From its origins as a five-film weekend at the coast, the Portland Jewish Film Festival has grown into a two-week festival of 16 films that annually attracts thousands of Jewish and non-Jewish filmgoers.
The 21st annual PJFF is presented by the Northwest Film Center in partnership with the Institute of Judaic Studies June 16-30. This year’s festival includes films from seven countries designed to appeal to a wide range of interests. All screenings will be at NWFC’s Whitsell Auditorium at the Portland Art Museum, 1219 SW Park.
“We screened over 200 films, which we rated as to quality and efficacy for PJFF,” says IJS film festival chair Hal Nevis. “Looking at the list of films, I can say that what is most exciting about it is the wide scope of themes and the ‘unfamiliar territory’ they cover.” He is particularly enthused about: “The Ballad of Weeping Spring,” which he calls an amazing film that combines music, (classic instruments) with troubadours, a flavor of the wild west and drama; “Life in Stills,” a good documentary about a documentarian; “The World Is Funny,” an excellent example of Israeli humor; and “Let’s Dance,” a nice look at the history of Israeli dance.
Joan Sher, former IJS film chair who now assists Nevis in screening and recommending films to the NWFC, is likewise stoked by the films selected for this year’s festival. “I am very excited with this year’s lineup, as we have a varied selection of documentaries and narrative features,” says Sher. “We also will be showing shorts from the Ma’aleh film school in Jerusalem. I was so impressed when I saw the work of their students and the wide range of controversial subjects that they dealt with; especially interesting to me were the number of talented women filmmakers, many of whom were Orthodox women.”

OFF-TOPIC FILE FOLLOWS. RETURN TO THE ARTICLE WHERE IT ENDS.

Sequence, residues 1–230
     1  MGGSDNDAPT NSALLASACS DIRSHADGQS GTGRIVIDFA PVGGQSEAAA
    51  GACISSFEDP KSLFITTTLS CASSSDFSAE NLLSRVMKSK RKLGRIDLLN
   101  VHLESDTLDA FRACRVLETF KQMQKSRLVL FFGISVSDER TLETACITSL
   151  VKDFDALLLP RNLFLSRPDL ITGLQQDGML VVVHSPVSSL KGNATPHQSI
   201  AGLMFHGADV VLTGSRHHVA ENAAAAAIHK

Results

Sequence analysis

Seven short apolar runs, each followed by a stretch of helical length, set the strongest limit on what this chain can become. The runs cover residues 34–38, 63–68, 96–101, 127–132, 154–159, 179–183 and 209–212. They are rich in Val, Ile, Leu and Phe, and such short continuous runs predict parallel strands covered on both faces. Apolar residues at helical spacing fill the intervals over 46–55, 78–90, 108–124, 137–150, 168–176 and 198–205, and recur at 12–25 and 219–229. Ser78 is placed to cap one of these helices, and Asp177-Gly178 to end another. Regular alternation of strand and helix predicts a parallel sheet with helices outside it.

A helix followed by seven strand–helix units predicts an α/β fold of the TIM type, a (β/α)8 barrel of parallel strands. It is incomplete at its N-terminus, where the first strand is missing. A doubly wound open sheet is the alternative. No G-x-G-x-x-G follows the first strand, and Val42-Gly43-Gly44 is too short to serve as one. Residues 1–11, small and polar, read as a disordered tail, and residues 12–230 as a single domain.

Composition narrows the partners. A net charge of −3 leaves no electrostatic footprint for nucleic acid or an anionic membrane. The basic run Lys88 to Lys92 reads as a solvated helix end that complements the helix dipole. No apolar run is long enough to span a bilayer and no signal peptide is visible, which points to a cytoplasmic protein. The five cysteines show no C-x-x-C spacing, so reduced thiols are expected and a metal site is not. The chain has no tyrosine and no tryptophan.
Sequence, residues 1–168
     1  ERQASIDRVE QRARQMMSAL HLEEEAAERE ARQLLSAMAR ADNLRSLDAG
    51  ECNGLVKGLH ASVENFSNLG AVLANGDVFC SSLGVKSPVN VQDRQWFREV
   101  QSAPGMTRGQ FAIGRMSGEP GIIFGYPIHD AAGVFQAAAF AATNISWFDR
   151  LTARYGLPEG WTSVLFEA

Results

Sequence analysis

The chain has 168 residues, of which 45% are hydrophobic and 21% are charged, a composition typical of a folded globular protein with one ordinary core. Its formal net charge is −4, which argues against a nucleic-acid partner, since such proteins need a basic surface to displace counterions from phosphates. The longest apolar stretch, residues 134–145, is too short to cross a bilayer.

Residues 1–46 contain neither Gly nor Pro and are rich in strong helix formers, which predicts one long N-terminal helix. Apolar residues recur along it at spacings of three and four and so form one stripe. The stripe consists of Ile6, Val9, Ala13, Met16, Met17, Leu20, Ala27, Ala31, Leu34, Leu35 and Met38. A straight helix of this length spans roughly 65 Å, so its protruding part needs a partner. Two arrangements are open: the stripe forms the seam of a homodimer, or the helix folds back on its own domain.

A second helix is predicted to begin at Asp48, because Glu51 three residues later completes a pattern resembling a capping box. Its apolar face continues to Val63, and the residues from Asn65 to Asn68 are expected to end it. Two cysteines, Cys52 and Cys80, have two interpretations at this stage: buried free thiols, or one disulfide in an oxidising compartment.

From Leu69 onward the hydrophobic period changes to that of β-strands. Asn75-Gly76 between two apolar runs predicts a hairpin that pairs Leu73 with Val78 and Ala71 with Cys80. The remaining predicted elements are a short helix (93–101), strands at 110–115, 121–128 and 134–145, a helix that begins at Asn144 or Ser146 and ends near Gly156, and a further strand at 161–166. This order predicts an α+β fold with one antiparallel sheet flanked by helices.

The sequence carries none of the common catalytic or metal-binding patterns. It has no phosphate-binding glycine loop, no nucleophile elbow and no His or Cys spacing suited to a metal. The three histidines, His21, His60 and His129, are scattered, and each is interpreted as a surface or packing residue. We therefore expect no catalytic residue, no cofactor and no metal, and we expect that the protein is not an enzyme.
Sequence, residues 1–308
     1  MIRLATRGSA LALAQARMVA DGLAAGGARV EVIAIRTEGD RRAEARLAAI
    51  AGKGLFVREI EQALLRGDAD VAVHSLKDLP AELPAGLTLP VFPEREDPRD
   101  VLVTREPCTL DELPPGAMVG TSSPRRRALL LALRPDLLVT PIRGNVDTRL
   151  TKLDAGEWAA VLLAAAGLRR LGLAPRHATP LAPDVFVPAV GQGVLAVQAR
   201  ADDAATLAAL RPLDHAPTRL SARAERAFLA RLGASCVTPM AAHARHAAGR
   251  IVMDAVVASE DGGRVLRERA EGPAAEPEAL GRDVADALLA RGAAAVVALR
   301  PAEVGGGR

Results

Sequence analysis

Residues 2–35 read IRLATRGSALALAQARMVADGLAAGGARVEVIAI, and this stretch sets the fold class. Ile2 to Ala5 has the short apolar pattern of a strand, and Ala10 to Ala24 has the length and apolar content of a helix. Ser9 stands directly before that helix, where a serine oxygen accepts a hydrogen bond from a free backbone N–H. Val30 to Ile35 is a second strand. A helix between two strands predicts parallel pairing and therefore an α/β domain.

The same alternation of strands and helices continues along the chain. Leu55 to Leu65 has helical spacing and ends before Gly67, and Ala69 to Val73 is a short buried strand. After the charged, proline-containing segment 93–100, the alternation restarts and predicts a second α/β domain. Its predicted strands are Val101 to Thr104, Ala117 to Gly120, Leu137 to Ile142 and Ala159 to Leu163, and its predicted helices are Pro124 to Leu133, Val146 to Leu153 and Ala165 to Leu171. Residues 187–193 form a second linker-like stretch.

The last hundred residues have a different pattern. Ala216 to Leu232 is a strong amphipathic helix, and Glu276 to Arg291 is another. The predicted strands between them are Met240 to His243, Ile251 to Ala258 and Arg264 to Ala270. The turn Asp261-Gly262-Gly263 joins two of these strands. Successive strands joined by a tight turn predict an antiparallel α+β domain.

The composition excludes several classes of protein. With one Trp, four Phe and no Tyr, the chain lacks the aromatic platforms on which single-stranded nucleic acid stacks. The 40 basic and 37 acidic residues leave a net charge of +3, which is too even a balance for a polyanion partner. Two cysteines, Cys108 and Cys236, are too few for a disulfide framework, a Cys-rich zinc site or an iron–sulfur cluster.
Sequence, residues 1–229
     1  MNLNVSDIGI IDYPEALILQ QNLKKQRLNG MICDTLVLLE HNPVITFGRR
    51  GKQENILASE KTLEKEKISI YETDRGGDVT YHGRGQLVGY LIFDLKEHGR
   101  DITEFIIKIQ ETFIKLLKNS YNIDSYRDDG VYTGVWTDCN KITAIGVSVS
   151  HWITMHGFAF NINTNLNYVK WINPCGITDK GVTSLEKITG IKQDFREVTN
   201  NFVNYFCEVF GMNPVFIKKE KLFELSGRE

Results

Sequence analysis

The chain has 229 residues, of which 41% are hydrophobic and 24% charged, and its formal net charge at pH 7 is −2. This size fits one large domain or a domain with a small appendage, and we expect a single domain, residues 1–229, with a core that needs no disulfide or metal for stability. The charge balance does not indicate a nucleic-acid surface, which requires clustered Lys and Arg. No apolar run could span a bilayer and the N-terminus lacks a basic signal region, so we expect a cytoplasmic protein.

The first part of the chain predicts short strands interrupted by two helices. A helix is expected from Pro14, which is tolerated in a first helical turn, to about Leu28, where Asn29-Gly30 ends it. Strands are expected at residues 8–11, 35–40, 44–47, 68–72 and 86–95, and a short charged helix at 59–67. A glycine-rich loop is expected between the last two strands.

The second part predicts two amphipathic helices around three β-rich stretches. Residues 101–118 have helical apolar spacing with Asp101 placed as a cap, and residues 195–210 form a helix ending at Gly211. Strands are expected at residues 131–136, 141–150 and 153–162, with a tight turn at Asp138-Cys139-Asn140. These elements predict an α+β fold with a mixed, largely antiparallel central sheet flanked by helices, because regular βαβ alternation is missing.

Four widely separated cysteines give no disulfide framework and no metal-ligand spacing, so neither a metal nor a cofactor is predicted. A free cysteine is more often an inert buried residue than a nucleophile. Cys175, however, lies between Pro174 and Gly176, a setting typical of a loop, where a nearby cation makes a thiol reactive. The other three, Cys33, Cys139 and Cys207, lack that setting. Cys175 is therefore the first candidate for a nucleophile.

Sher says the Orthodox film school shorts “deal with arranged marriage, women’s roles, service in Israeli Defense Forces, settlements, security check points … the same issues that many of us are concerned about in Israel, but from their perspective as Orthodox, even Hassidic, Jews.” An Orthodox woman also created the opening night film, “Fill the Void,” an empathic, positive view of a religious community.
NWFC Executive Director Bill Foster saw “Fill the Void” at the Toronto Film Festival last September. He calls it, “A wonderful film about an Orthodox Hassidic family in Tel Aviv wrestling with the modern world – at once very Jewish, but universal. It was this year’s Israeli submission for the Best Foreign Language Film Oscar – a great opening night film for PJFF.” The film will screen on Sunday, June 16, and will be preceded by a reception for pass holders and sponsors. And speaking of pass holders, that is another attractive feature of the festival.
“The price of a pass remains at only $85. With this unlimited pass, one can see 16 films, which makes the price of each film about $5,” says Sher, who frequently attends Jewish and international film festivals in other cities with her husband, Paul. “We pay far more than that when we attend film festivals in other parts of the country. I think Portlanders are very lucky to have this opportunity.
Foster notes that the film center bases its final decisions on the lineup by balancing whether a film fits best into the PJFF or one of NWFC’s other festivals such as the International Film Festival, Reel Music or Voices in Action: Human Rights on Film.
“From the center’s point of view, we want excellent films that while they speak to Jewish culture and experience, tell more universal stories that can also speak to a non-Jewish audience,” says Foster. “Films that are good enough that they play in any context, not just a narrow, subject-driven Jewish film festival.” That goal fits well with what IJS founder, Rabbi Joshua Stampfer, envisioned when he created the festival. “It’s really accomplished what I hoped it would,” he says. “A high percentage of attendees are non-Jews, which means we are able to provide an understanding of Jewish issues through film that they wouldn’t get any other way.”
He says Jewish attendees also gain new insights thanks to the festival’s selection of films from numerous countries, perspectives and experiences. Marcia Starr, who attended the first coastal film weekend organized by Gloria Olds more than two decades ago, took over as chair of the coastal weekend for subsequent years. “We offered a weekend package that included the films, lodging and food, or portions thereof. From the get-go, people were happy to have a Jewish Film Festival and seemed to accept a less than optimal situation,” she says, noting that films were projected on
a wall at the motel. “When the film festival came to Portland, it was thrilling,” says Starr – a sentiment that seems to continue to prevail as thePJFF heads into its 21st season.